9. cheesypop

    cheesypop Senior commenter

    It’s your job. You’ve accepted it. You’ve started doing it.
    Just as they couldn’t have turned around after the couple of transition days and staff meetings and said ‘oh sorry, you are not what we thought and we don’t want you anymore’; you can’t either. Not without breaching your contract.
    So it’s your job in September. You’ve got til the end of October to see if you like it, if not, hand in your notice and leave at Christmas.
    And while I am sympathetic to you having a new baby, that would be the case whatever job you had so is irrelevant to this.
  10. NIHistoryTeacher

    NIHistoryTeacher New commenter

    If you didn't apply for a HOD role but were then forced to do it would that change things (especially if unpaid)? I don't know the answer but one for the union potentially.
    CalypsoDalma and blue451 like this.
  11. cheesypop

    cheesypop Senior commenter

    Ultimately you don’t have to turn up in September. No one is going to come and get you from your house and drag you there. But it is breach of contract because you have accepted the job.
    I’m not sure what you think the union can do @NIHistoryTeacher? The OP accepted a job, signed a verbal acceptance, was asked (their words) to take on a HOD role which they are now deciding they are uncomfortable with. OP did you say ‘no’ when it was offered and are they somehow making you? Are you the only member of staff in the department and therefore HOD by default, or are there staff to line manage?
    This is Big Girl Pants time I’m afraid. Put them on, go in September, do your best, leave at Christmas if you want giving proper notice. And before anyone says ‘it won’t look good leaving at Christmas?’ It’ll look a damn sight better than not rocking up in September.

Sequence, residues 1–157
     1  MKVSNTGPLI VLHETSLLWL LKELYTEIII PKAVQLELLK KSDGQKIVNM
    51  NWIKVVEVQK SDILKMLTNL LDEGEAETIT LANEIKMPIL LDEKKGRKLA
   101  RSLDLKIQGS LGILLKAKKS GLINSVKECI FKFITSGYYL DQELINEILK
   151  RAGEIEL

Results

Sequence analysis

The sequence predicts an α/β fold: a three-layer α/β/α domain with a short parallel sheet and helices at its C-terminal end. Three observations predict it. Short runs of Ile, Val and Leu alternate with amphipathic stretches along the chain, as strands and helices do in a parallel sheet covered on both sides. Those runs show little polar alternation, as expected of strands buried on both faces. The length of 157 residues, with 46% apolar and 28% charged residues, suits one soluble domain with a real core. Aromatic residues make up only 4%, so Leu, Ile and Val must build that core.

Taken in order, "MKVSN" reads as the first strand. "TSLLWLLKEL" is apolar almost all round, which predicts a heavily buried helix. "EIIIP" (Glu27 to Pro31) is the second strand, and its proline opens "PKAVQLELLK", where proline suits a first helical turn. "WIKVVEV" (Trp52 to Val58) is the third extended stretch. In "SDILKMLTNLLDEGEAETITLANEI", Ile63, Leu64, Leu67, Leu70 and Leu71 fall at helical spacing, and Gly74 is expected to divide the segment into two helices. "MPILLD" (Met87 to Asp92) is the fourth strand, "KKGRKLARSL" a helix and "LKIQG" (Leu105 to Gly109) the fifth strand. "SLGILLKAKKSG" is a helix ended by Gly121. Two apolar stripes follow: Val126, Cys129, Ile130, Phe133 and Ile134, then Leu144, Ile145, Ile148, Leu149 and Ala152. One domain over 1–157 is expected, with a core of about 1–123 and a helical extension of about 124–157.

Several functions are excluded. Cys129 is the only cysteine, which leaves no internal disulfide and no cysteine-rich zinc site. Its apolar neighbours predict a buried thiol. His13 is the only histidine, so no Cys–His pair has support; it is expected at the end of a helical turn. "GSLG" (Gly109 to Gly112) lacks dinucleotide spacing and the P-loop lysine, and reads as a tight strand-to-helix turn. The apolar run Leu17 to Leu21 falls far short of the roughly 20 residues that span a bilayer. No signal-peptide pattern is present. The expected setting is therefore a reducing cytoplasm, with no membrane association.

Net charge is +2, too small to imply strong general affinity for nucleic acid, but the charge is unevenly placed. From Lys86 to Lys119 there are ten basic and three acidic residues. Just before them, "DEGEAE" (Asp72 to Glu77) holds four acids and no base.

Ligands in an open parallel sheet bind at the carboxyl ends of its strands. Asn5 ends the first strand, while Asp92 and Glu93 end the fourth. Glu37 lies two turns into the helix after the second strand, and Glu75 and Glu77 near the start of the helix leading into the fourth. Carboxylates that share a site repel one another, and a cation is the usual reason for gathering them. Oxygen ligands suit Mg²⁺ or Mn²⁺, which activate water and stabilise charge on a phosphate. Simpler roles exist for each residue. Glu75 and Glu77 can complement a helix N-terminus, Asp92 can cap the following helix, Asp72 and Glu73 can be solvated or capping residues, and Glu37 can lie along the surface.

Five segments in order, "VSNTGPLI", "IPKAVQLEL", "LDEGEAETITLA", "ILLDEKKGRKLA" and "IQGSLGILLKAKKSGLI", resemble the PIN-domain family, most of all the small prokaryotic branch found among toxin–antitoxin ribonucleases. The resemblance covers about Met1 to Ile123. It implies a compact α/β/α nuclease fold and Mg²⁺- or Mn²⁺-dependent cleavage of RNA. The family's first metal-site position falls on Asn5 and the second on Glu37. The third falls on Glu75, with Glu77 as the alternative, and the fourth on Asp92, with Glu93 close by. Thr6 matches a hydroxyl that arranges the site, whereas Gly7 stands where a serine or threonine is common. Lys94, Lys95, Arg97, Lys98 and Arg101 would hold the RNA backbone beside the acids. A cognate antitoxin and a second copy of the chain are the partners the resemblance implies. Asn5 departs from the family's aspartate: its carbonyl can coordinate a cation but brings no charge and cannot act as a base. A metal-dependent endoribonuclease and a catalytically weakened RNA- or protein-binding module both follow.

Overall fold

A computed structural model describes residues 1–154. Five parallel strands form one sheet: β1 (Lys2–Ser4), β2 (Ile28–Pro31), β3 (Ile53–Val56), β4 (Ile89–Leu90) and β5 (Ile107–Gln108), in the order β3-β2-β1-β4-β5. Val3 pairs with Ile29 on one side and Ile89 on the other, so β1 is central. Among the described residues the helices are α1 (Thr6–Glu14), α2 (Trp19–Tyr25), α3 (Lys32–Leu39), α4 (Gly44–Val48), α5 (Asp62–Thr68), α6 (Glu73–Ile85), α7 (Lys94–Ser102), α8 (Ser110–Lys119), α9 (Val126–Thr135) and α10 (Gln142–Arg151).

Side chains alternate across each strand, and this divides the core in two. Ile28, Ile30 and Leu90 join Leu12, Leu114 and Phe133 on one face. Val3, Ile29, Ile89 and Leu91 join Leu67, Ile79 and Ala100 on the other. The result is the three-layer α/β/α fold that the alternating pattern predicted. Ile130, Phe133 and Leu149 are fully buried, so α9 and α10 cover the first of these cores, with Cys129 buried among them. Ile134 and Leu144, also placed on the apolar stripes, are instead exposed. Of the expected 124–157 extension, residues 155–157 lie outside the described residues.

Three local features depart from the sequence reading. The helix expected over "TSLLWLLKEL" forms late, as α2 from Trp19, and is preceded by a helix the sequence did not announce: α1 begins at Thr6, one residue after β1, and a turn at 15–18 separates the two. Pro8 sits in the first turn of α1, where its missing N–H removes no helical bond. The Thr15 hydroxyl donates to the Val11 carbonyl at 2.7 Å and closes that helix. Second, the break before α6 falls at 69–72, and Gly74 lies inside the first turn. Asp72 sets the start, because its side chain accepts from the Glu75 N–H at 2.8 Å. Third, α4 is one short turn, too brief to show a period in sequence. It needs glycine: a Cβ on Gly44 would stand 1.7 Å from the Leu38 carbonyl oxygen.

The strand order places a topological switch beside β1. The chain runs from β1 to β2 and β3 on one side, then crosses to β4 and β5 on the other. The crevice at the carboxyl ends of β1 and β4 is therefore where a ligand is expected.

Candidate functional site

Sundaytrekker and Lara mfl 05 like this.
  12. mandala1

    mandala1 Occasional commenter

    If you walk out of this job then you can kiss goodbye to working in that area again. HTs talk and, in this case, I wouldn't blame them.
  13. sooooexcited

    sooooexcited Occasional commenter

    Just Start in September then put your resignation in using the correct channrls if you don't like it. Be prepared to find securing another role extremely difficult though. As a previous poster stated, word of mouth about you will spread quickly.
    Lara mfl 05 likes this.
  14. blue451

    blue451 Lead commenter

    Not necessarily. If the role has changed since you accepted it, I think that's a valid reason for looking for something else.

    Explain that for personal/professional/whatever reasons you want to focus on the role of classroom teacher without the HoD responsibilities. Some HTs will still consider you and you have nothing to lose by applying.
    CalypsoDalma likes this.
  15. Catjellycat

    Catjellycat Occasional commenter

    As others have said, if you do your term and then go, it’s a different kettle of fish to ‘just didn’t show’.

    People can leave a school after a term for all sorts of reasons and as long as you can talk to them (yours might be ‘family’ rather than ‘yegads it was NOT what I was expecting’) it’ll be fine.